The Myths of Air Source Heat Pumps

The Myths of Air Source Heat Pumps

Air Source Heat Pumps are quickly becoming the go-to heating and hot water solution for domestic homeowners, landlords and housing associations throughout the nation, but are they suitable for every property? 

We are often asked the same questions about Air Source Heat Pumps:- Does my house have to be super insulated before I install a heat pump? Are Air Source Heat Pumps only compatible with underfloor heating or can they be used with radiators? Will an Air Source Heat Pump increase my energy bills if I switch from oil, coal or electric heaters?

Having installed hundreds upon hundreds of Air Source Heat Pumps throughout the Western Isles since 2010, it would be untrue for us to say that every house was super insulated, because of course in truth the answer to that question is no, not every house was super insulated. Did it matter? No, it didn’t. The Air Source Heat Pump still worked and still worked very efficiently compared to previous heating systems. Why? Because the system was designed and set up correctly. Systems must be sized correctly with specific parameters considered for different types of houses, with respect given to the levels of insulation present, the size of each room and the occupancy.

We would never recommend installing an Air Source Heat Pump in a house with no insulation at all, because in such a case the radiators and heat pump would have to be disproportionately large resulting in a system that would be expensive to run. That said, if this was the case, we would not be recommending any other type of heating system either, because any other type of heating system would be subject to the same abominable running costs that are tied to an uninsulated property. Insulation is therefore crucial in modern day housing no matter what age the house is and regardless of the type of heating system. The key elements of insulation that matter for an Air Source Heat Pump are loft/roof insulation, wall insulation, windows and external doors. It is not common for us to see underfloor insulation, and most Air Source Heat Pumps will be retro fitted in older housing that does not have underfloor insulation because of the difficulties and challenges associated with insulating floors. So long as a house has at least 200mm of loft insulation, 50-100mm insulation in the walls and double glazed windows & doors then we will usually have no hesitation in recommending Air Source Heat Pumps. If you have a double block cavity build house, then cavity insulation is a bonus that is not always necessary. We have fitted Air Source Heat Pumps in houses with double block open cavities on many occasions with no issues, because we have taken these parameters into account when sizing the heat pump and radiators.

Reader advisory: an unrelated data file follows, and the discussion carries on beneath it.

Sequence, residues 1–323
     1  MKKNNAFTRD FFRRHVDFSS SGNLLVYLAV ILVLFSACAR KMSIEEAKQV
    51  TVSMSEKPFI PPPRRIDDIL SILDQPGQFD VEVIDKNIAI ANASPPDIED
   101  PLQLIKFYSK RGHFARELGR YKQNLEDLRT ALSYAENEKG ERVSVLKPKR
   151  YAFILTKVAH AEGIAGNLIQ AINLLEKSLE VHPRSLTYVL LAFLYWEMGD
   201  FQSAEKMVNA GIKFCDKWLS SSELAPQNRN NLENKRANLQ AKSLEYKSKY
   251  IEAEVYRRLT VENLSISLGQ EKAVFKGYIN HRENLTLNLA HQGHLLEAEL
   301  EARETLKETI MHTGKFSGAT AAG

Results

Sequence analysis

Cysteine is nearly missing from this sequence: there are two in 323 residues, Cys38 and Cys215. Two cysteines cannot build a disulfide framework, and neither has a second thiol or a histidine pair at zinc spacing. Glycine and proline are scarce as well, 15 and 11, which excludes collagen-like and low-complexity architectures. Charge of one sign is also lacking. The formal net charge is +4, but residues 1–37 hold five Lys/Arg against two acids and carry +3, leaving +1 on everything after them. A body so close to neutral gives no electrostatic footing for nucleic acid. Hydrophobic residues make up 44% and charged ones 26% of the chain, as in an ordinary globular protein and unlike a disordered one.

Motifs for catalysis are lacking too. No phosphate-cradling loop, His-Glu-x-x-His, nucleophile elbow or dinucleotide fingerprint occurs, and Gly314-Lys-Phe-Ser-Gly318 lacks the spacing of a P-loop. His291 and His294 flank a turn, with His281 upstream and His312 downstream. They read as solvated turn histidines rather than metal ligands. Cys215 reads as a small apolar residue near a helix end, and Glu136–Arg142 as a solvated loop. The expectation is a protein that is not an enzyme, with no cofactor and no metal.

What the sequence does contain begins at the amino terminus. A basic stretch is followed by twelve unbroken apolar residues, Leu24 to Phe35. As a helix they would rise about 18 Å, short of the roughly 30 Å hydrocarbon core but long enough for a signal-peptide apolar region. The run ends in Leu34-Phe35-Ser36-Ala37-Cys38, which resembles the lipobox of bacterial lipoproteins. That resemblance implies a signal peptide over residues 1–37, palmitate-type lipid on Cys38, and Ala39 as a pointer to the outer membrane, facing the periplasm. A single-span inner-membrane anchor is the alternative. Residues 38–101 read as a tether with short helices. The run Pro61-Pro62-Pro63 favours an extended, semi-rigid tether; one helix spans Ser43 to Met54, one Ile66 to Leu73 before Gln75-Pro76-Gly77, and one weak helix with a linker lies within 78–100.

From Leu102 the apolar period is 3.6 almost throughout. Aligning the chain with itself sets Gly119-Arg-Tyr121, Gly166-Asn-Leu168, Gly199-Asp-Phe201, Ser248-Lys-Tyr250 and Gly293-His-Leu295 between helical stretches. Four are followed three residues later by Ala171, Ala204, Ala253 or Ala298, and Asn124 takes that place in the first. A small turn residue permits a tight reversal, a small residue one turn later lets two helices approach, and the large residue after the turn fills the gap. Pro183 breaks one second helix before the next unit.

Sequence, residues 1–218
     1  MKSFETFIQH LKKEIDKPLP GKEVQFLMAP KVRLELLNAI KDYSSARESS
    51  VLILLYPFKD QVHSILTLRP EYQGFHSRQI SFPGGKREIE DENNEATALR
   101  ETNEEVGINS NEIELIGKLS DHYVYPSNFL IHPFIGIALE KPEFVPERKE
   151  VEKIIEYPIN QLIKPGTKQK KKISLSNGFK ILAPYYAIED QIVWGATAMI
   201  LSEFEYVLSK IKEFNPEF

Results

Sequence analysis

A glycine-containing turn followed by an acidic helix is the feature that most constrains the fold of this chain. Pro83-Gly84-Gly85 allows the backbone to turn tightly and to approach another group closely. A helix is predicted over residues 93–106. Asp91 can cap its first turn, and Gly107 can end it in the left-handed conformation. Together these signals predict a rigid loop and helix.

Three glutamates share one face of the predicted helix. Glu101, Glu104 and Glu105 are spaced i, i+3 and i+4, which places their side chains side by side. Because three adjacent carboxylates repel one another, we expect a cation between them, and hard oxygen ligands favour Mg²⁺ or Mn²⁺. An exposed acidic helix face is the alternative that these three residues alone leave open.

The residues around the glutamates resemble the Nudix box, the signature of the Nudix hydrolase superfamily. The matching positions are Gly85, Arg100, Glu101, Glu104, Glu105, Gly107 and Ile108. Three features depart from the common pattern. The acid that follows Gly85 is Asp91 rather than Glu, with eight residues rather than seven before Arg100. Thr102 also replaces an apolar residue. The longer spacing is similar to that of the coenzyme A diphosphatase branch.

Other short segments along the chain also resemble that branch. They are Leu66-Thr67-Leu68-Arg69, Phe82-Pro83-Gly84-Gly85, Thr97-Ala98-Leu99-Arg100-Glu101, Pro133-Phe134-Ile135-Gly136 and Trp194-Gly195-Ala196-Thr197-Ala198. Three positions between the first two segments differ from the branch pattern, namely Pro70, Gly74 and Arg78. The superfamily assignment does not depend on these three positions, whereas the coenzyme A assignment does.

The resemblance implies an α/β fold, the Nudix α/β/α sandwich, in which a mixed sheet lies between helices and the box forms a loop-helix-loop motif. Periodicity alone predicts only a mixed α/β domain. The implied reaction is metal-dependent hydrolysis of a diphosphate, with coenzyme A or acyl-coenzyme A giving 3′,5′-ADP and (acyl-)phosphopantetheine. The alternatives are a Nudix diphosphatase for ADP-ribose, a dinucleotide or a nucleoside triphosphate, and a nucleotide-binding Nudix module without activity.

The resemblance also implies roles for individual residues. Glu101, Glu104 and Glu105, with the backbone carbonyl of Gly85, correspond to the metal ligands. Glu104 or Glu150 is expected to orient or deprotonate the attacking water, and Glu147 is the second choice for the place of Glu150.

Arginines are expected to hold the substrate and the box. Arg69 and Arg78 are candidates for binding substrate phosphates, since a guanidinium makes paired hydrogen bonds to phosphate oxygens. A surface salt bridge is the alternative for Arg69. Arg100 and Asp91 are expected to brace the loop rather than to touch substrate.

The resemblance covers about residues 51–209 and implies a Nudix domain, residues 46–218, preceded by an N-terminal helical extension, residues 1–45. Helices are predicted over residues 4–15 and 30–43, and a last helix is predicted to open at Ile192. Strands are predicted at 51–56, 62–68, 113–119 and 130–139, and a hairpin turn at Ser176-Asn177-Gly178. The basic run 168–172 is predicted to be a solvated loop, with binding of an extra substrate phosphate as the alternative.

Let’s face it, Air Source Heat Pumps nowadays are 350% efficient so you are getting an extra 250% of renewable energy for free for every 100% of energy you are spending. There is no solution that rivals an Air Source Heat Pump for affordability, feasibility and efficiency. Those who say they don’t work with radiators are completely misled. The vast majority of Air Source heating and hot water systems are installed with radiators because underfloor heating is more expensive to install. Radiators can be run with a 45, 50 or 55 degree flow temperature depending on the circumstances of the property. Obviously the lower the flow temperature the cheaper it will be to run and the larger the radiators will be, so careful consideration should be given to every aspect of a proposed installation at the design stage. 

But will it really be cheaper than my current oil boiler, electric heaters, or solid fuel coal back boiler? The short answer is yes. The long term answer is an inevitable yes. Do you want to get ahead of the game and act now or wait until fluctuating energy prices put you on the back foot again? There are interest free loans with cash back grants available for domestic home owners from Home Energy Scotland. Other fully funded avenues are available for people claiming benefits including Child Benefit, Universal Credit, Income Credits and the Pension Credit. Get in touch with us if you would like to discuss anything further.

Steven Murray

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